In movies that involve so much cars and men ego (ehem, I'm talking about you, The Fast and The Furious), there's this usual scene wherein two men inside different cars head toward each other with the intention to head-on crash.
But sometimes, things don't always go to plan, and one driver just decides to swerve, not bump its beautiful car to the other, and save his dear life. Such person now claims it's chicken throne which basically means he's coward. And believe it or not, this scenario has started as a game.
Now, for an experiment, this not-so-weird-but-somewhat-weird game are played by our other mammalian relative: the monkeys. This is to see how they deduce other individuals' mental states, or what's called the "theory of mind".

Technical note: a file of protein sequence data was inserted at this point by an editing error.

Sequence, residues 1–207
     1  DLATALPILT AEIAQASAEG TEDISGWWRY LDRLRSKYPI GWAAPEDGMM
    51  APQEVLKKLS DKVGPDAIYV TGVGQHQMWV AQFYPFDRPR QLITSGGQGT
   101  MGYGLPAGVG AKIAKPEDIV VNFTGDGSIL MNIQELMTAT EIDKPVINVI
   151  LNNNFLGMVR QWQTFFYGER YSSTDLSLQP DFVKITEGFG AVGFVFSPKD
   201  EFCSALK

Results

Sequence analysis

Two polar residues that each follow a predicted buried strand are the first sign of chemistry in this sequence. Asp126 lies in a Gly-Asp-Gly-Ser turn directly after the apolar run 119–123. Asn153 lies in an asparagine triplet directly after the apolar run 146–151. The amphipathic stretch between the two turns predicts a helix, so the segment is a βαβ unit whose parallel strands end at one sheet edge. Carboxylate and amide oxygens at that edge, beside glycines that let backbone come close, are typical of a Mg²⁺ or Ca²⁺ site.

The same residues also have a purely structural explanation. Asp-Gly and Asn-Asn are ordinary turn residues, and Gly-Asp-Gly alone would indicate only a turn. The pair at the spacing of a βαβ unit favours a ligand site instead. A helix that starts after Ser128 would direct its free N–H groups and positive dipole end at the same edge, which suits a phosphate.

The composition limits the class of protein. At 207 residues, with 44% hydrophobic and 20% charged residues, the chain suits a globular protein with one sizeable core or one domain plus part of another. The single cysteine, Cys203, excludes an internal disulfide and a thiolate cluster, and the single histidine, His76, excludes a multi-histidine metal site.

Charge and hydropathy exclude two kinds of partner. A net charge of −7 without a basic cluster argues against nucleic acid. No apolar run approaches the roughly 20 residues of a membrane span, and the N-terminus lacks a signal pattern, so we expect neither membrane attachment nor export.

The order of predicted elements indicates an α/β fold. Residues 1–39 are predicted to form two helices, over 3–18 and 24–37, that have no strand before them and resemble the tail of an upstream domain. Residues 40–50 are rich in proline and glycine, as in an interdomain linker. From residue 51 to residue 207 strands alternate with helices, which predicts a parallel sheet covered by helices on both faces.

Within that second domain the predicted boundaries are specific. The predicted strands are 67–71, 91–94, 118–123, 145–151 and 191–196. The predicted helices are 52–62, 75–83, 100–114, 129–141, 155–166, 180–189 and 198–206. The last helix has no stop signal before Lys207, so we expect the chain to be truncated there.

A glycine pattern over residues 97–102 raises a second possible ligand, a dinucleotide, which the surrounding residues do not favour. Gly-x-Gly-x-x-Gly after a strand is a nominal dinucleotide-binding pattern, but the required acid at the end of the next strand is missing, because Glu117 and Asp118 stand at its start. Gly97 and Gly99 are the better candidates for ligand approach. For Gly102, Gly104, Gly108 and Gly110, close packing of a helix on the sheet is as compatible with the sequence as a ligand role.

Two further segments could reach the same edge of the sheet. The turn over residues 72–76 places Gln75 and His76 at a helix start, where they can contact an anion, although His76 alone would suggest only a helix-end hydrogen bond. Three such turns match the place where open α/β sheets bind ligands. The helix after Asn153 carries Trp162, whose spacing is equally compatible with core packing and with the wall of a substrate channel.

Researchers placed pairs of macaques sitting across from each other at a table-top computer screen wherein they use joysticks to control their cars. The monkeys are then given rewards (fruit juice) if they didn’t swerve. Researchers later on noticed that the monkeys actually often looked at their partner's eyes. “For theory of mind, it helps to be able to follow the gaze,” says Wei Song Ong, of the University of Pennsylvania.
This is because those who were about to give up tended to look in the direction where they would swerve, and their partners would exploit that. “If one monkey sees the other is looking at the swerve target, we think they are attributing intention to that,” says Wei Song Ong, of the University of Pennsylvania. The experiment also shows that the more submissive macaques were, the more likely they are to swerve. “Hierarchy really matters. It’s a bit like James Dean,” says Ong.
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